From the AP:
With Gov. Jon S. Corzine finalizing plans to increase highway tolls to help solve the state’s chronic fiscal woes, New Jersey enters 2008 with the nation’s third largest budget deficit, according to a new analysis.
Corzine is weighing plans to boost Garden State Parkway and New Jersey Turnpike tolls to pay state debt. He plans to introduce his plan to the Legislature on Jan. 8.
But the state also faces a projected budget deficit of up to $3 billion for the fiscal year that starts July 1, a hole that comes with Democrats looking to increase state aid for schools by about $580 million.
A recent review by the Center on Budget and Policy Priorities found 13 states, including several of the nation’s largest, face budget shortfalls next year. Only California and New York face larger gaps than New Jersey.
California faces a deficit that could be as large as $14 billion, while New York faces a projected $4.3 billion shortfall, the review found.
The center cited housing market troubles as a leading cause for state fiscal woes, cutting sales tax collections from the sales of homes, furniture, appliances and construction materials, but New Jersey has had annual budget deficits since 2001.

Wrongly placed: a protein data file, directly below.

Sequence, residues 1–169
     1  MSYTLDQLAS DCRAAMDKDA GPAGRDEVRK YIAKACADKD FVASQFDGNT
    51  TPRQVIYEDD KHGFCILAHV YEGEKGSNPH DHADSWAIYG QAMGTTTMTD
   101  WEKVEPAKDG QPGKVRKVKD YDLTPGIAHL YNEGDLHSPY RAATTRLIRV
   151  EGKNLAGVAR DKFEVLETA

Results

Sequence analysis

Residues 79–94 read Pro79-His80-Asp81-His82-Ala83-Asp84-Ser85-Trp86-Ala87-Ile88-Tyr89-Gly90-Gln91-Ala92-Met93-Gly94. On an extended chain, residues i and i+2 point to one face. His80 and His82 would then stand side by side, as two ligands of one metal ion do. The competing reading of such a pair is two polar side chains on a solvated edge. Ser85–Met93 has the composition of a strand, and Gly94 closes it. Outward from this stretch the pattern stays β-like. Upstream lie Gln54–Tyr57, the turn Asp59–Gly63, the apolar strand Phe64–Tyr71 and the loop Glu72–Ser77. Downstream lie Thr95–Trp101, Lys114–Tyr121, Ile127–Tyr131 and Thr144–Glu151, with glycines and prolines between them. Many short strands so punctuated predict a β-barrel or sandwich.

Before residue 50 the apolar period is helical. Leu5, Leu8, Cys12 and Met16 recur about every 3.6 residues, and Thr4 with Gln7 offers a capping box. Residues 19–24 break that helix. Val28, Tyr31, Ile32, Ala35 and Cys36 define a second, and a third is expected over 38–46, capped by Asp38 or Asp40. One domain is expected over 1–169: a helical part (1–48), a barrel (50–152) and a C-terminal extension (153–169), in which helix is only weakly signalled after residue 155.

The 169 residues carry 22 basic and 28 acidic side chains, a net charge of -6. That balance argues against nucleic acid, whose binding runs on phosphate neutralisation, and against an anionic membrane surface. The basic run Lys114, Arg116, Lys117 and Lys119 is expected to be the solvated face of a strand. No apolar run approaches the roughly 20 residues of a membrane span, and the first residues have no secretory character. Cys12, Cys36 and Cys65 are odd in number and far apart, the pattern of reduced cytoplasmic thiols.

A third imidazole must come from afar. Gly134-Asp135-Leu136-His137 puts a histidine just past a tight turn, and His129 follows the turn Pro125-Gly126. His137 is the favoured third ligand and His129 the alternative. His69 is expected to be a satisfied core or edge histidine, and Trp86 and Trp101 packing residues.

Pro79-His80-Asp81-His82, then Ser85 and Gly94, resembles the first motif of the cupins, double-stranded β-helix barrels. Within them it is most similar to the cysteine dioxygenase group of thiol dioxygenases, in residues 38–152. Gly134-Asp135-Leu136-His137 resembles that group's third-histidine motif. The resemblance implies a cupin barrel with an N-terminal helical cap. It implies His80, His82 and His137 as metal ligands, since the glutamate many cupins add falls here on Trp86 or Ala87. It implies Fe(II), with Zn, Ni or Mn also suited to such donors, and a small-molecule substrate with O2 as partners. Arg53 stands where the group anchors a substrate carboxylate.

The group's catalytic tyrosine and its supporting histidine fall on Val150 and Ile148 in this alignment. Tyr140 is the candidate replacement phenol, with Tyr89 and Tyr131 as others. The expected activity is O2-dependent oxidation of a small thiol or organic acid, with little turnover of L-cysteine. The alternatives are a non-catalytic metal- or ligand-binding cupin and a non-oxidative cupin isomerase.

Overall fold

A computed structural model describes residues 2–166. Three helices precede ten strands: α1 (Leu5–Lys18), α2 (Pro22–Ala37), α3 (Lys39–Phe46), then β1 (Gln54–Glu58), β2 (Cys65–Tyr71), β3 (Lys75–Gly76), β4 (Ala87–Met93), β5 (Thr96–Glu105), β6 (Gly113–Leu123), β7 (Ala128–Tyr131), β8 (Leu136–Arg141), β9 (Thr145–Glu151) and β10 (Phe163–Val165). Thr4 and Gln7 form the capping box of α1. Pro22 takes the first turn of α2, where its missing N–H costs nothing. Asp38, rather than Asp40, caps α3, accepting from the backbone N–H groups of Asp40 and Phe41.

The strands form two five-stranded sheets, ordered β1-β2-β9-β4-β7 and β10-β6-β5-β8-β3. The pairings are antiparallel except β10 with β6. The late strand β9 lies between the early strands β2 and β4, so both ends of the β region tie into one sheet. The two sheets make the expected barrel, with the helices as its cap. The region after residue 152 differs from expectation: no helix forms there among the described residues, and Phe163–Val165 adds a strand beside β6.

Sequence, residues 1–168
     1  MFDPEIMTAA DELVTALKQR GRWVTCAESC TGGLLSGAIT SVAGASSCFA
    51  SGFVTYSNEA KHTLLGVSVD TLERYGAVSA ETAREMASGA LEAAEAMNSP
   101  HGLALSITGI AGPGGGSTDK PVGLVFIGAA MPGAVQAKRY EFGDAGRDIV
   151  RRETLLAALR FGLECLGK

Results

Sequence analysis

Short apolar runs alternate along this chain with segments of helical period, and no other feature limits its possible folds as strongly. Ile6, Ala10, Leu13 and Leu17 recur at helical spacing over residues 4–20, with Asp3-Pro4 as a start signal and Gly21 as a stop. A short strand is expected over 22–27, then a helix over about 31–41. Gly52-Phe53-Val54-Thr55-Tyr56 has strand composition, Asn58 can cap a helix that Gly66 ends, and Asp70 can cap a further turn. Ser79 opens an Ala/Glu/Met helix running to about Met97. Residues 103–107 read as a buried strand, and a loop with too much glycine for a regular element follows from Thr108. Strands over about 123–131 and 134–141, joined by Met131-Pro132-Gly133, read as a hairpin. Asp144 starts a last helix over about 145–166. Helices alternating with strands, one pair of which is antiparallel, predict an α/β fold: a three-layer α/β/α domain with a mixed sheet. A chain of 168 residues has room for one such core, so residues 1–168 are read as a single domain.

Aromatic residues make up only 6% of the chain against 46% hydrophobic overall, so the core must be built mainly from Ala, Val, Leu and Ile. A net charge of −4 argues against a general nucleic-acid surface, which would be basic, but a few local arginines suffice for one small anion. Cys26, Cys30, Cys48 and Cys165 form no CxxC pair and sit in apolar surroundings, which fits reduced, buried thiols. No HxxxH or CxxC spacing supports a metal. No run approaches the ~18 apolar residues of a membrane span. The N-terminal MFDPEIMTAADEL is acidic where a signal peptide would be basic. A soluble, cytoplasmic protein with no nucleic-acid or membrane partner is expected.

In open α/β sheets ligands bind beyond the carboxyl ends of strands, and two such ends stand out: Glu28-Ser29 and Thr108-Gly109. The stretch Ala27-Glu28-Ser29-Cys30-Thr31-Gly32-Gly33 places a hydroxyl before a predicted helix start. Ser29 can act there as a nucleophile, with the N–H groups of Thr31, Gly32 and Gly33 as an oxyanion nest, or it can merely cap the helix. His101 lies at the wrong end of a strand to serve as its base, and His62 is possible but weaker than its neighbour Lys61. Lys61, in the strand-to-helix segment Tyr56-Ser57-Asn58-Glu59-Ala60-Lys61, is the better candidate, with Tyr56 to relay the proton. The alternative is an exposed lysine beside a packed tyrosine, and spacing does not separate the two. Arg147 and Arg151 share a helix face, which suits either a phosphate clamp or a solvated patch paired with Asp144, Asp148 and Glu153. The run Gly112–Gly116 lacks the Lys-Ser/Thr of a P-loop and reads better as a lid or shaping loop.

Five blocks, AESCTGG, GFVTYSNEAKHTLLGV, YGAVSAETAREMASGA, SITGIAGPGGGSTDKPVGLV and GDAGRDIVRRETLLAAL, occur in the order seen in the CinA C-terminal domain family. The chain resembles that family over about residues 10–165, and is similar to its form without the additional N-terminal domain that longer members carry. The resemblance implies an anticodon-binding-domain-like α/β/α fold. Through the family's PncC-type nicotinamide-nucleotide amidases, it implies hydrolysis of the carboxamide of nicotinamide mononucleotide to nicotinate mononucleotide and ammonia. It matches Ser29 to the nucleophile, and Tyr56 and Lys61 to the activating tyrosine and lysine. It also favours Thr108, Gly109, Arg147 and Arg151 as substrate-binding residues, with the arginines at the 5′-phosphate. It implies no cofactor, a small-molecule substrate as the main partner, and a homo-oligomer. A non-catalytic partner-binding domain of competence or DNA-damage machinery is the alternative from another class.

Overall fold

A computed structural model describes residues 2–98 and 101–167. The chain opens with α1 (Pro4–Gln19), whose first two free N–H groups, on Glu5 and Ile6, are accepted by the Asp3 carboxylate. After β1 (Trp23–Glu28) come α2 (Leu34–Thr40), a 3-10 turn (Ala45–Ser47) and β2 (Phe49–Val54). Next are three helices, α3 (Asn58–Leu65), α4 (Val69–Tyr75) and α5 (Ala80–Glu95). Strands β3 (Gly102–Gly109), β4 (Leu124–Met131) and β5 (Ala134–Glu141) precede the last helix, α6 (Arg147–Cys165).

It has solved them by, among other moves, increasing income taxes, corporate taxes, cigarette taxes and sales taxes.
In 2006, the Garden State increased sales, corporate, cigarette and other taxes by $1.84 billion, easily the largest total tax increase among states that year, though it avoided tax increases in 2007 when Democrats who control the Legislature faced re-election. They kept their control in last November’s election.
Corzine hasn’t ruled out tax increases in 2008, but hasn’t indicated he will propose increasing any, either. He has noted state taxes are considered high, and The Tax Foundation recently determined New Jersey has the nation’s third-highest tax burden.
Rather, Corzine has asked his administration to present ideas to cut $3 billion from the state’s $33.5 billion budget.